Sunday, October 06, 2013

Herbaceous Mysteries

This picture sums up my weekend.
Saturday was such an astonishingly glorious sunny day that I felt compelled to excavate the herb garden.
I dug up the rabbit-netting, pulled out all the weeds that had grown through it, and then reconstructed the fence.
Inspired by my latest reading (Derek Jarman's Modern Nature), I took a trip to the garden centre for some highly-optimistic fritillary bulbs and purple-sprouting broccoli plug plants.  Into the herb garden they go!  If nothing else, they will fill the gaps where the weeds used to be.
 The salvia and borage are still going strong.
As I worked, there was a continuous buzzing and fluttering of bees and butterflies.  Sadly, only bumble bees, not honey bees.  We haven't seen any of those for years now.
 This area was supposed to be devoted to Californian poppies, but not one seed came up.  Instead, I have these yellow flowers of unknown origin.  Maybe self-seeded from last year's "wildflower mix"?
 And standing proud above them all, the verbena bonariensis.  I am SO pleased with these!  I hope they come back next year!
Mysteriously, I also have about a dozen of these plants, popping up where I think I scattered another packet of Lidl's finest (39p) mixed flower seeds.  I have no idea what they are!  The foliage is a deep pink in the shade, and bright acid green in sunlight.  The flowers are feathery.  Does anyone know what they might be?  They are a dramatic contrast to the colour of the rest of my garden :)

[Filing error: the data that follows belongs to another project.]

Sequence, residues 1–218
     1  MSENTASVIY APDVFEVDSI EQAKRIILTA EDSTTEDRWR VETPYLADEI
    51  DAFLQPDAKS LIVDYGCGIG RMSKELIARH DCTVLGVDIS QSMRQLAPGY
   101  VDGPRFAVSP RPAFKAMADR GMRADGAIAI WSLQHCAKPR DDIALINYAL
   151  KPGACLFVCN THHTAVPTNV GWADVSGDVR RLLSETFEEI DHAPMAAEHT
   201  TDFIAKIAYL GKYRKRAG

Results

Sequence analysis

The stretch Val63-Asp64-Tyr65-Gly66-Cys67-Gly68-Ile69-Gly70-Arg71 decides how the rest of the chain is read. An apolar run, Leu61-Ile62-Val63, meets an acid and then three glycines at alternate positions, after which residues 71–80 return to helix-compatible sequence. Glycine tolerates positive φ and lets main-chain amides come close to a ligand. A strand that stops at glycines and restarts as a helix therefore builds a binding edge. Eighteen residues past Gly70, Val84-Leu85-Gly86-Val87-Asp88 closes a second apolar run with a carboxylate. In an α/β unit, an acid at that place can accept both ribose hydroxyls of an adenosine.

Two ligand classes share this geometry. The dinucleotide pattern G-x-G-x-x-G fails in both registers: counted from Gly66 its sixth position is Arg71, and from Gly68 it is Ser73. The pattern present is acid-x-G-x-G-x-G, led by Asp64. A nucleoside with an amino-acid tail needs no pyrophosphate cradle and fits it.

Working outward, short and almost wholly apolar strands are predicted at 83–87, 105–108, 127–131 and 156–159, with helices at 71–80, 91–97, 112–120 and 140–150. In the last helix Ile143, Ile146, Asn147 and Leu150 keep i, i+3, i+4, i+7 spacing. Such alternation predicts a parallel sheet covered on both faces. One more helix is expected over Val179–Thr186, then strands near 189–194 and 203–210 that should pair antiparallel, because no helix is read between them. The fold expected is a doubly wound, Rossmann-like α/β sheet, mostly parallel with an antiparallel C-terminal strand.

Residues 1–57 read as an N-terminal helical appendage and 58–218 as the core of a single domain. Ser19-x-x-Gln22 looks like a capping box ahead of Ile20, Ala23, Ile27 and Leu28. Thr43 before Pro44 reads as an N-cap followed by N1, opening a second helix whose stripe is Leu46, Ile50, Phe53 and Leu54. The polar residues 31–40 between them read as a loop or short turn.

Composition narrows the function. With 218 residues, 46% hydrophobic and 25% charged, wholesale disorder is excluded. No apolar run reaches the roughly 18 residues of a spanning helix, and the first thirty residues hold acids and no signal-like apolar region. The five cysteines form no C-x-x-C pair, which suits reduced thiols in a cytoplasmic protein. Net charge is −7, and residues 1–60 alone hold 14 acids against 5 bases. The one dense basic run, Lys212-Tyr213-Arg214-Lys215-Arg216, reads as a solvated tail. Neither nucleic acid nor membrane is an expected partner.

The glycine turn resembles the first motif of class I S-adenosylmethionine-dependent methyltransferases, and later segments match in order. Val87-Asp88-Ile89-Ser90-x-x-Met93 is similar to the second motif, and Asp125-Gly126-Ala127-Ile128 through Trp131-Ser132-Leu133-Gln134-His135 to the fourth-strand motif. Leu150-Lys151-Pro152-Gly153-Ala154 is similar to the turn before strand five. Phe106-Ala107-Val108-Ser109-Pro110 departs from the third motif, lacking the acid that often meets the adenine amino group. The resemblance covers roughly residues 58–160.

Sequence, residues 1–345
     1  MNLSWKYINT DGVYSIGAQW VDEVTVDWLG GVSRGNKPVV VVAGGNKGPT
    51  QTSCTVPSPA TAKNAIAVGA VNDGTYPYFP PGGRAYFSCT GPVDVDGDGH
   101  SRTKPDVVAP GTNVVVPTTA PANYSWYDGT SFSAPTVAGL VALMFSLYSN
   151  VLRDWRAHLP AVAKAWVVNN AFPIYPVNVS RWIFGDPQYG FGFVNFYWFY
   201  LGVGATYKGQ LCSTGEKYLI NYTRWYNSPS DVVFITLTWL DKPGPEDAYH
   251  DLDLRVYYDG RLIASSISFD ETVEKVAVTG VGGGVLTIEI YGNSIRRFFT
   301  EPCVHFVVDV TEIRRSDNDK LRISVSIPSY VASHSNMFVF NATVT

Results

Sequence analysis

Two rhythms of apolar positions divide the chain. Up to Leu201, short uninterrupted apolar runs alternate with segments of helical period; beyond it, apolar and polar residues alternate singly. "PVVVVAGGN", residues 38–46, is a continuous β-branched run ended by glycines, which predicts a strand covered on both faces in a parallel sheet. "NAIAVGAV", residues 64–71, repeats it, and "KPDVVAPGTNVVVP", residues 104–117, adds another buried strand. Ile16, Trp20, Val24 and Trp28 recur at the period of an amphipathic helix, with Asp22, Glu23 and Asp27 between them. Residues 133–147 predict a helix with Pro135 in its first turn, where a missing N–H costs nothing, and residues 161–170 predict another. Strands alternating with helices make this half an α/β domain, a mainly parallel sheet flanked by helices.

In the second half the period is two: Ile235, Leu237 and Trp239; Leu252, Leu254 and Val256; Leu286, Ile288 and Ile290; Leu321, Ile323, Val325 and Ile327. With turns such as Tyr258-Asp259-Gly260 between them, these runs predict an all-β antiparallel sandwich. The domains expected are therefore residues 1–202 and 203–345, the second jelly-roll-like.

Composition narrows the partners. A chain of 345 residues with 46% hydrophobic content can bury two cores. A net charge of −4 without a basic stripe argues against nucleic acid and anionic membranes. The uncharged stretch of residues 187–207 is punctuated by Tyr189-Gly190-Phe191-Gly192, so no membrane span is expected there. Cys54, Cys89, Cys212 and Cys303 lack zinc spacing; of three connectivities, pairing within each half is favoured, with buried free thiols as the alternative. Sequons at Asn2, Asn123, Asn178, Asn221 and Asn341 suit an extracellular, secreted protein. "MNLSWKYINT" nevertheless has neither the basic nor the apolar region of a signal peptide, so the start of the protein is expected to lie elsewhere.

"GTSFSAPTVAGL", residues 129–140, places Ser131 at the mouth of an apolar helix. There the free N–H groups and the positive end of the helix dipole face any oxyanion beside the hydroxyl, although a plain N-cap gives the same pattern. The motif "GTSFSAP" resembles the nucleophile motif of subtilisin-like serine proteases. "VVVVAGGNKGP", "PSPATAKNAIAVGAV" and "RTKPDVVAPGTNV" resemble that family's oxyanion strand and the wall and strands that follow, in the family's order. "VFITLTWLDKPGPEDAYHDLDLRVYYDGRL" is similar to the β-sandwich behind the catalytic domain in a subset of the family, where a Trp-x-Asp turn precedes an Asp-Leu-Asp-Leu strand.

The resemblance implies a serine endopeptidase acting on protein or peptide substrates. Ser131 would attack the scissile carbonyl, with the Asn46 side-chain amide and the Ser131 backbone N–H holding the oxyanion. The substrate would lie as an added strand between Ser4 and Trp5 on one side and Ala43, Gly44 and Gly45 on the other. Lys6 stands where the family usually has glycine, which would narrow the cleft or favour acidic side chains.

All that outdoor activity has left me feeling a bit old and creaky.
Today is a knitting day!
This is my latest project:  the Thistle Scarf from Tin Can Knits.  I am using Skein Queen Enchant (an alpaca/ silk / cashmere mix) in the club colourway "Strawberries and Champagne".  This is a gift for a work colleague whose husband's health has taken a sudden downturn.  She doesn't knit and I feel the need to spread the love.  We cancer wives have to look after each other!

9 comments:

Jenni said...

Beautiful Scarf after a beautiful day :o) Your generosity is amazing x

Emma said...

The yellow flowers are Artemis Tinctoria, Dyers Chamomile. There's a clue there for a potential experiment!
It was a lovely, sunny day yesterday. I watched the butterflies on my Asters in the company of my two best friends. Knitting, chatting, tea and apples straight of the tree. Bliss!

Unknown said...

The pink flowers are amaranth - an ancient grain. If you let it go to seed you can shake out the tiny seeds and prepare them like quinoa.

Unknown said...

The pink flowers are amaranth - an ancient grain. If you let it go to seed you can shake out the tiny seeds and prepare them like quinoa.

Where the nodding violets grow said...

Hi Roo. I was going to suggest an amaranthus caudatus. I think it is also known as 'love lies bleeding'.
It is lovely isn't it.

MaryinTN said...

Lovely garden. I vote for some kind of amaranth for the pink flower. I am not sure what the yellow one is but we got some unusual ones this year too after planting a packet of seeds that supposedly draws butterflies.

opportunityknits said...

Such a pretty garden! I know nuts about flowers and I do not have a green thumb, so I am terribly impressed by all your pretty flowers! And what a coincidence, we're both knitting lace at the moment :)

Roobeedoo said...

Hooray! I knew my readers would turn out to be botanically literate :)
Thank you - and how exciting to know they are plants with a purpose!

LinB said...

Oh, yes, dyer's chamomile. I recognized it right off. Don't eradicate it -- it is hardy in your area, not invasive, cheerful, good for keeping soil in place on a slope. Plus, it make a pleasant dye for your wool ... I think it makes a green, let me check ... nope. Light yellow, buff, or gold (with a mordant). The red thing looks a monstrously larger version of a weedy amaranth that pops up around the edges of my lawns. Looks like it would be thorny but it isn't, has a hollow stem, birds resort to it when there's nothing else to eat (at least, in my yard they avoid it when possible).